NHTSA defines a fatal crash as alcohol-related or alcohol-involved if either a driver Or A nonmotorist (usually a pedestrian) had a measurable or estimated Blood Alcohol Concentration (BAC) of 0.01 Grams Per Deciliter (g/dl) or above. NHTSA defines a nonfatal crash as alcohol-related or alcohol-involved if police indicate on the police accident report that there is evidence of alcohol present. The code does not necessarily mean that a driver or nonoccupant was tested for alcohol.
(National Highway Traffic Safety Administration, 2005)
Without further explanation of NHTSA’s definition it is nearly impossible to perceive the numbers to be accurate. Another disclaimer made public by NHTSA is “NHTSA estimates alcohol involvement when alcohol test results are unknown.” (National Highway Traffic Safety Administration, 2005) If NHTSA estimates alcohol involvement when the results of an alcohol test are unknown than would that not make everyone subject to the estimation calculation?
Regardless of the obvious discrepancies found in the studies conducted by NHTSA the numbers have hardly reduced over the most recent three year statistics available. According to NHSTA’s own studies the alcohol-related deaths for 2003 were 40% of the entire motor vehicle fatal accidents, while at first glance this appears to be way too high, taking a further look at the numbers one can deduct that this is grossly exaggerated. For the year 2003 60% percent of the reported 31% of deaths in fatal motor vehicle accidents were reported to have a party involved with a BAC of 0.00% (National Highway Traffic Safety Administration, 2005). 0.00% is not drunk at all, yet the accidents are reported to have alcohol involved. As shown in Figure 1, removing the unsubstantiated 60% from the overall 40% gives us a much less shocking percentage of 24% and one still has to keep in mind that an undeterminable amount of these percentages can involve anyone other than the driver using the term “alcohol-related” as defined by NHTSA.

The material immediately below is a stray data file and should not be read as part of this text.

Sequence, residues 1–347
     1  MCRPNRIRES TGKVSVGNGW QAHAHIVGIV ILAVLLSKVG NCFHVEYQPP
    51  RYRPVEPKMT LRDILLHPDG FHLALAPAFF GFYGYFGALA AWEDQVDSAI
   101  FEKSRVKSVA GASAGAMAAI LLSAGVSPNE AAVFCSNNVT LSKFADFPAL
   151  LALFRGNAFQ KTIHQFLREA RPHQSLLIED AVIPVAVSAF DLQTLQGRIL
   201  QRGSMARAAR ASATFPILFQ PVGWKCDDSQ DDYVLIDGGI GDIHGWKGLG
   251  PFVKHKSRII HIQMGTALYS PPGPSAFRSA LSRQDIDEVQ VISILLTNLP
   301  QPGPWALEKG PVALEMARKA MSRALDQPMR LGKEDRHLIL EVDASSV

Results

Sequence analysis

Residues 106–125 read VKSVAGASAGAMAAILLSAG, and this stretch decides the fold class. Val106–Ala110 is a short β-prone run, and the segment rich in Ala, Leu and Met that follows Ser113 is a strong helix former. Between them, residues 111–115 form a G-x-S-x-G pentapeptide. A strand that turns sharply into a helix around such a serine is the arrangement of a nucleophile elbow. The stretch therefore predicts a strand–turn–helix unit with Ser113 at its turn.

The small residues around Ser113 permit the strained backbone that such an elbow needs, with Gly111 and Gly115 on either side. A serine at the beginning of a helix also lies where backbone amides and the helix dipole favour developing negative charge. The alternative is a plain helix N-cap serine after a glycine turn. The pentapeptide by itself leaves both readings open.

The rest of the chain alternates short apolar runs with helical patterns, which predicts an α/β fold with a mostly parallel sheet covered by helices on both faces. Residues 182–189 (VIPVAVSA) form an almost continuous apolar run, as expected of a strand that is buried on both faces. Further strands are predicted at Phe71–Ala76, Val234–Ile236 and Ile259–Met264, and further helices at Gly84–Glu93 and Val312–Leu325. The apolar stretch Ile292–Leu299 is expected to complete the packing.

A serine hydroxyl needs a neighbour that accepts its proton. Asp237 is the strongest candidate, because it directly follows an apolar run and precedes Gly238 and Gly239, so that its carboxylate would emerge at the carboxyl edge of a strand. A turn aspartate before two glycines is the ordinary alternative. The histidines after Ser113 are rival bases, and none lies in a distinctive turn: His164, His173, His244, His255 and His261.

The alcohol-related accident statistics remain almost identical through the years 2004 and 2005 while the alcohol-related fatalities reportedly increased by 1% in 2004 and 2005 the percentage of alcohol-related fatalities with a party having a BAC level of 0.00% also increased by 1%. (National Highway Traffic Safety Administration, 2005). This should conclude that the antics performed by MADD and the increased punishments for anyone who may have taken a drink and decided to drive are essentially ineffective. Furthermore, the reported percentage of persons involved in fatal alcohol-related accidents with BAC levels between .01% and .07% is 5% and 6%. (National Highway Traffic Safety Administration, 2005) Undoubtedly this is a broad scale; but nevertheless if these numbers are even remotely accurate than why is MADD pursuing an even lower BAC rate? While some may consider any number of motor vehicle deaths related to alcohol too high, society has to consider the risks of persecuting the wrong people for the crime.